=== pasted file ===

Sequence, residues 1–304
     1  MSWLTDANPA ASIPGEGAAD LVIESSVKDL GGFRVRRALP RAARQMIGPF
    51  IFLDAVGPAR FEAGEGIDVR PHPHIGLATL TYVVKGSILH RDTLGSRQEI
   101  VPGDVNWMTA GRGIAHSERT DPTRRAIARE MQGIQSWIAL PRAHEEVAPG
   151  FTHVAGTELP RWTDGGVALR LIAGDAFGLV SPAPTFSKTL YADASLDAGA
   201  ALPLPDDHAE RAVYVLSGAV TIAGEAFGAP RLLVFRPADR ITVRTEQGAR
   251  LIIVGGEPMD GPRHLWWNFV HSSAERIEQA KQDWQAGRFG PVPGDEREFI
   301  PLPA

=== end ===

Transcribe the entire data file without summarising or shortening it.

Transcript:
Sequence, residues 1–304
     1  MSWLTDANPA ASIPGEGAAD LVIESSVKDL GGFRVRRALP RAARQMIGPF
    51  IFLDAVGPAR FEAGEGIDVR PHPHIGLATL TYVVKGSILH RDTLGSRQEI
   101  VPGDVNWMTA GRGIAHSERT DPTRRAIARE MQGIQSWIAL PRAHEEVAPG
   151  FTHVAGTELP RWTDGGVALR LIAGDAFGLV SPAPTFSKTL YADASLDAGA
   201  ALPLPDDHAE RAVYVLSGAV TIAGEAFGAP RLLVFRPADR ITVRTEQGAR
   251  LIIVGGEPMD GPRHLWWNFV HSSAERIEQA KQDWQAGRFG PVPGDEREFI
   301  PLPA